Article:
Simon Basketter looks at the dairy farmers’ protests that have targeted processing plants in recent weeks
Several thousand farmers have staged demonstrations outside dairies in Britain. They have blockaded entrances with machinery and poured milk down drains. But why?
It costs dairy farmers more to produce their milk than they are getting from selling it on to processors. These companies then pasteurise and bottle milk before selling it on to supermarkets.
It costs farmers about 30p to produce a litre of milk yet they receive just 25p per litre. This is a battle caused by big businesses’ control over food.
Robert Wiseman Dairies, First Milk, Arla Foods UK and Dairy Crest all recently announced cuts to the price they pay farmers per litre of milk. And all of them except Robert Wiseman Dairies have backed down after the protests.
Prices for farmers have stalled over the last 15 years. In 1997 they were receiving the same price as they are today—yet in the same period animal feed costs have doubled.
A huge part of the problem is the supermarkets. British retail giants Tesco and Sainsbury’s, along with Waitrose and Marks & Spencer, claim they are paying farmers a “sustainable” price for their milk.
But this rate only applies to a selection of their suppliers. Only 11 percent of dairy farmers, supplying 15 percent of milk are part of the deal.
The small group of preferred suppliers on a higher rate is subsidised by many more farmers supplying low price milk.
And those on the higher rate are still at the mercy of the supermarkets. Asda, Morrisons and the Co-op all pay less.
The milk industry is worth £3.3 billion. Some 87 percent of raw milk is bought by 5 percent of the processing companies—the big ones completely dominate the market.
The fall in global commodity prices lies behind the current row over pricing. This is how the big processing firms justify the cuts. Bulk cream prices, in particular, halved between the summer of 2011 and this spring.
The problem is short term profiteering and a long term trend in falling profits. When global cream prices were high in 2010 and 2011 processors used the money to subsidise a price cutting battle for retail market share between them.
Now the fact that cream prices are falling has exposed the deals that processors struck with supermarkets in 2010.
They sold milk to supermarkets at such a low price that they became dependent on high cream values to remain profitable—and to pay anything like a sustainable milk price back to the farmer.
Then there is a long term trend. The reason is that separating out the cream from milk increases the option for valued added products. That is what lay behind the move to skimmed milk in recent decades—rather than any supposed health benefits.
The drive to finding an increasing number of ways to get profits out of dairy made the industry more and more dependent on things other than simply a pint of milk.
But this diversification has further increased the power of big business. The pursuit of profit causes chaos in food production across the globe. The milk price crisis is just one part of that.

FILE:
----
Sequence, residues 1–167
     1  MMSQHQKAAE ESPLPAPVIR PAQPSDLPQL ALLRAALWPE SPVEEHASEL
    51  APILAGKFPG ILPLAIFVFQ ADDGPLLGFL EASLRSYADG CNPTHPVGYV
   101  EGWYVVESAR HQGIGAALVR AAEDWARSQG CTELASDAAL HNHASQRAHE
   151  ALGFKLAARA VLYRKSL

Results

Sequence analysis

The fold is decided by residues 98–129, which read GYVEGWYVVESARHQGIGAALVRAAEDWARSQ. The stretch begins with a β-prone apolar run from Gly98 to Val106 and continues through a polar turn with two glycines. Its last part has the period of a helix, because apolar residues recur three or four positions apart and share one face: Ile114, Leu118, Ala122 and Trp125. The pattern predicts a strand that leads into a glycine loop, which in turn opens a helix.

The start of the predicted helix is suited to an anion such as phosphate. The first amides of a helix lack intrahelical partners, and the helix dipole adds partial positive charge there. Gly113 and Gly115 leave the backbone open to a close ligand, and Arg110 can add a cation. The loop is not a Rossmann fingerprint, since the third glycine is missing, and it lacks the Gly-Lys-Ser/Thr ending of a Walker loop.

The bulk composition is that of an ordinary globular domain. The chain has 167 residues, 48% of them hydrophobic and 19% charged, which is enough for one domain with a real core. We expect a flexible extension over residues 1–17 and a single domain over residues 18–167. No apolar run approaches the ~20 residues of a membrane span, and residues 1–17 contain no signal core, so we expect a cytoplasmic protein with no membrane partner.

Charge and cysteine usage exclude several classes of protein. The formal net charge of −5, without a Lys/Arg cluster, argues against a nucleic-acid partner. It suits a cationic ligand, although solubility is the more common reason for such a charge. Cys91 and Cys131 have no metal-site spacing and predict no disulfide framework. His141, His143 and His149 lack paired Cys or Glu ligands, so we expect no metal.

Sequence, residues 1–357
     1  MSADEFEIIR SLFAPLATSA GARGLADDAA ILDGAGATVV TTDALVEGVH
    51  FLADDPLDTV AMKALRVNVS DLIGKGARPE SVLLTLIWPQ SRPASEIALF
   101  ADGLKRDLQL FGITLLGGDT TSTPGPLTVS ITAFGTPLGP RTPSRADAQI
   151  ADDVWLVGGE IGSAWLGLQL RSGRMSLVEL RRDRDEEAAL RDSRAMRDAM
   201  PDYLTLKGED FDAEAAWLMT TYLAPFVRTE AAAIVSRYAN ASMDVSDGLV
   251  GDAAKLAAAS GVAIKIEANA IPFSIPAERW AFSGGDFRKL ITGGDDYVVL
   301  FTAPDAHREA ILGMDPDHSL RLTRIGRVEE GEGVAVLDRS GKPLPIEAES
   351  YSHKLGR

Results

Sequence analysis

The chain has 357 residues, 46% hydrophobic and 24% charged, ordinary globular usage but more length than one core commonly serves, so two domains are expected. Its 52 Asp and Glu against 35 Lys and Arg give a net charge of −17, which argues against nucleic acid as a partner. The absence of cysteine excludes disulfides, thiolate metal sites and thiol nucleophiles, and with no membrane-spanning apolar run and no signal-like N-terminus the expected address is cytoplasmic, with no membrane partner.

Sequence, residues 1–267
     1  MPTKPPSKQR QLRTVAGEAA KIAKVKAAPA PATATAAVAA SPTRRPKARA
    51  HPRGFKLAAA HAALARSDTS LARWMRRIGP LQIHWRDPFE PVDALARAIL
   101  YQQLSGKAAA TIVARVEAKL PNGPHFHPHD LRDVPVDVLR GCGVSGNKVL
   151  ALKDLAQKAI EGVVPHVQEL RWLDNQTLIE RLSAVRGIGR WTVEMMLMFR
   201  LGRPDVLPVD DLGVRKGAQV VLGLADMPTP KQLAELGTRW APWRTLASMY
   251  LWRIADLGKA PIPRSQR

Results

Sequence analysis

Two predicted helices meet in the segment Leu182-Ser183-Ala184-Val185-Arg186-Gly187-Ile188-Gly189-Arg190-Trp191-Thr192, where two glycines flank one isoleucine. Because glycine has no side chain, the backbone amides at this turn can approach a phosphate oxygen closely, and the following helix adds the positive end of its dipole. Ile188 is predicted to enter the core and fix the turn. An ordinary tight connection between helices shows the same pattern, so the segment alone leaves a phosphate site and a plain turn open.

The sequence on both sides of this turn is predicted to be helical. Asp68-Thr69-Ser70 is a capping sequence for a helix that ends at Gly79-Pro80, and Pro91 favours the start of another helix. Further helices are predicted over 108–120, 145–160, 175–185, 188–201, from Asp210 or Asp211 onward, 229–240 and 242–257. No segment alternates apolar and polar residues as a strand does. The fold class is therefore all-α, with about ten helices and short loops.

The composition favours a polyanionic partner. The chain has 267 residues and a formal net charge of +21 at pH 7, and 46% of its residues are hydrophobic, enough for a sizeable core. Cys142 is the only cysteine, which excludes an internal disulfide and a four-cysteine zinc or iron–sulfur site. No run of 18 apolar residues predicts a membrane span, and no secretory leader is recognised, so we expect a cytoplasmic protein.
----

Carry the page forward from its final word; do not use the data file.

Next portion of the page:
The number of dairy farmers halved in the last decade from 35,741 to 15,716 in 2010. Small farmers have all but disappeared. In Britain the average size of a dairy herd is 117 while the average in the rest of the EU is 42.
There are a million fewer dairy cows in Britain than a decade ago. Yet the amount of milk produced is higher.
The Milk Marketing Board used to set a minimum price for milk until 1994 when the Tories deregulated the industry. Labour closed it down completely in 2002. The processing arm became Dairy Crest.
The farmers’ organisations made little attempt to defend the milk marketing board. They thought they could get more cash out of deregulation. They were wrong—it brought more power and profit for bigger business.
Arla foods is owned by Walmart and processes dairy produce for Asda. It is about to merge with the co-operative Milk Link to create the country’s largest dairy group. It will produce a quarter of all milk in Britain.
The protesting farmers are bosses. Some, though not many, are small farmers. The National Farmers Union is the voice of the largest farmers—and a stalwart of the Tory party.
It was their lobbying that saw the government arrange for talks with the processors. They announced a deal, but the protests continued.
In part this was because of the tensions between the bigger farmers and the others. The militant wing of the farmers wants to stand up more to multinational food corporations and supermarkets so their businesses will survive.
Farmers For Action (FFA) organised the blockades. FFA chair David Handley is a tenant on a small 88 acre farm in Wales. Yet one of FFA’s founders is Derek Mead—a rich farmer. Mead has a 1,600-acre arable and dairy farm in Somerset with 380 cows.
This makes it a contradictory and confused movement. There is no movement specifically for small farmers to get behind.
However, there are thousands of workers on dairy farms whose jobs are threatened by the price cuts. There are 51,000 full time workers, 32,000 part time workers and 48,000 casual workers on UK farms.
This year the Tories abolished the national body that set their wages. Yet again the Tories make life easier for their friends in business.